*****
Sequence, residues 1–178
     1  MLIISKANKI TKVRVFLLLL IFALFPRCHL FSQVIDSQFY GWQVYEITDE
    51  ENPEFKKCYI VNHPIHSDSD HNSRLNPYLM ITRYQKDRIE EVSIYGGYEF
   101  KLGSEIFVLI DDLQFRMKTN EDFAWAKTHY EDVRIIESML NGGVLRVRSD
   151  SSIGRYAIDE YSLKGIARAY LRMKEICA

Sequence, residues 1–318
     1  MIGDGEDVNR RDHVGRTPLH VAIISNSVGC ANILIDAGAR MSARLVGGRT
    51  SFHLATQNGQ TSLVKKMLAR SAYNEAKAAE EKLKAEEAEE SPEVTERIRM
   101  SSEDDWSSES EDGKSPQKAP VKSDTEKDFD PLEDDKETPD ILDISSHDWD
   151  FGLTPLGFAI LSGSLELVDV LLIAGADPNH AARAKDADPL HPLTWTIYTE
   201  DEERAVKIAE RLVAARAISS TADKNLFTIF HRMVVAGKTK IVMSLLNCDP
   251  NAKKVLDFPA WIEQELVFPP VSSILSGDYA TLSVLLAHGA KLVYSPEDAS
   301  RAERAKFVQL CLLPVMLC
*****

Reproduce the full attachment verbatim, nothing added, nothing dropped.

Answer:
Sequence, residues 1–178
     1  MLIISKANKI TKVRVFLLLL IFALFPRCHL FSQVIDSQFY GWQVYEITDE
    51  ENPEFKKCYI VNHPIHSDSD HNSRLNPYLM ITRYQKDRIE EVSIYGGYEF
   101  KLGSEIFVLI DDLQFRMKTN EDFAWAKTHY EDVRIIESML NGGVLRVRSD
   151  SSIGRYAIDE YSLKGIARAY LRMKEICA

Sequence, residues 1–318
     1  MIGDGEDVNR RDHVGRTPLH VAIISNSVGC ANILIDAGAR MSARLVGGRT
    51  SFHLATQNGQ TSLVKKMLAR SAYNEAKAAE EKLKAEEAEE SPEVTERIRM
   101  SSEDDWSSES EDGKSPQKAP VKSDTEKDFD PLEDDKETPD ILDISSHDWD
   151  FGLTPLGFAI LSGSLELVDV LLIAGADPNH AARAKDADPL HPLTWTIYTE
   201  DEERAVKIAE RLVAARAISS TADKNLFTIF HRMVVAGKTK IVMSLLNCDP
   251  NAKKVLDFPA WIEQELVFPP VSSILSGDYA TLSVLLAHGA KLVYSPEDAS
   301  RAERAKFVQL CLLPVMLC